At the start of the year, the National Party held Orange with a 21.7 per cent margin. That was until a by-election triggered by MP Andrew Gee’s move to federal parliament. The comfortable buffer collapsed and SFFs candidate Philip Donato squeaked over the line.

At the Federal level, David Leyonhjelm’s Yosemite Sam antics weren’t enough to see him turfed at the election, and the Coalition had a near nervous breakdown over the Adler shotgun.

According to Shoebridge, the Adler debate was a symbolic skirmish, a feeling out by two sides yet to openly have at it.

“Who won that debate,” he asks, when we meet in Cambridge, Massachusetts. “I’d say it was about a draw.”

Whether Shoebridge was looking for them or not, the gun lobby soon found him. Posting updates from his journey on social media, he was quickly overrun by critical comments.

One of the most prolific responders was a man named CJ Grisham, a 42-year-old retired soldier who was peeved Shoebridge didn’t accept a last minute invitation to meet with him.

Grisham is the President of Open Carry Texas, a pro-gun group he says has 50,000 members and is politically to the right of the NRA. A Tea Partyite, Grisham became a minor conservative celebrity after being arrested and disarmed by a Texan cop in an incident some suggest would have ended fatally if not for Grisham’s complexion.

Despite his vigorous engagement with Shoebridge on Facebook, Instagram, and Twitter, he wanted to put a question in person. Why is Shoebridge afraid of a law abiding citizens with a gun?

“Only tyrants would be afraid of people carrying guns so I’d ask him, ‘are you a tyrant?’” Grisham tells me.

He’s flabbergasted at politicians who say they are appalled by tragedies like the Sandy Hook elementary school shooting, but refuse to allow the obvious response – the arming of teachers. Enthusiastic and polite, Grisham acknowledged that gun tolerance and culture vary greatly on either side of the Pacific.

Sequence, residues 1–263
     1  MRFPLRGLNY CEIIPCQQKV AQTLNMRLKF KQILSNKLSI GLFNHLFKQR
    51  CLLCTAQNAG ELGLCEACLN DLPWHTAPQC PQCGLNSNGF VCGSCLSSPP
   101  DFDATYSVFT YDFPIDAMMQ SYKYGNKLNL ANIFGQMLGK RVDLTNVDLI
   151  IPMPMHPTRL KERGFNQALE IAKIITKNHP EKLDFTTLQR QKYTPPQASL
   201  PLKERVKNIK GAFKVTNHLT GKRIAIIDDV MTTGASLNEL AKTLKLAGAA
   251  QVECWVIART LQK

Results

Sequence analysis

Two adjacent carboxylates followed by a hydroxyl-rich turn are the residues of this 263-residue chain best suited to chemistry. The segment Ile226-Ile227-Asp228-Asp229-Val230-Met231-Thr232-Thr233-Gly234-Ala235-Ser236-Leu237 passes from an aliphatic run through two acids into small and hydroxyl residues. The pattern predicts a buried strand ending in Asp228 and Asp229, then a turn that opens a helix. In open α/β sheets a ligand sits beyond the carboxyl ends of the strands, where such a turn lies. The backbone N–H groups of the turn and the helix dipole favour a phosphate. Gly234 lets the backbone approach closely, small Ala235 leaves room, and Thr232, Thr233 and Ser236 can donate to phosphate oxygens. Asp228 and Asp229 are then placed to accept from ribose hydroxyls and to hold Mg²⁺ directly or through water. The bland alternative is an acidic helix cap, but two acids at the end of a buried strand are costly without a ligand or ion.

Shoebridge did try to meet with the NRA, he says, but his overtures came to nothing. Instead, he talked with Tom Gresham, host of a nationally syndicated radio gun show. The NSW MP described the encounter as a “polite exchange on the phone”. Contacted by email, Gresham put it a little differently.

“It was, shall we say, less than satisfying, but it was just what I expected,” he said. “[Shoebridge was] not at all open to hearing anything about the American experience with firearms unless it comes from those who want to restrict firearms ownership and use.”

If Shoebridge is right, Australians could be hearing the kind of arguments favoured by Gresham and Grisham a whole lot more in the coming years. America’s proudest gun-slingers will be watching from afar.

“If I was a rich man I’d come down there,” says Grisham.

“[Shoebridge] got me to pay a little more attention to Australian politics.”

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Max Chalmers

Max Chalmers is a former New Matilda journalist and editorial staff member. His main areas of interest are asylum seekers, higher education and politics.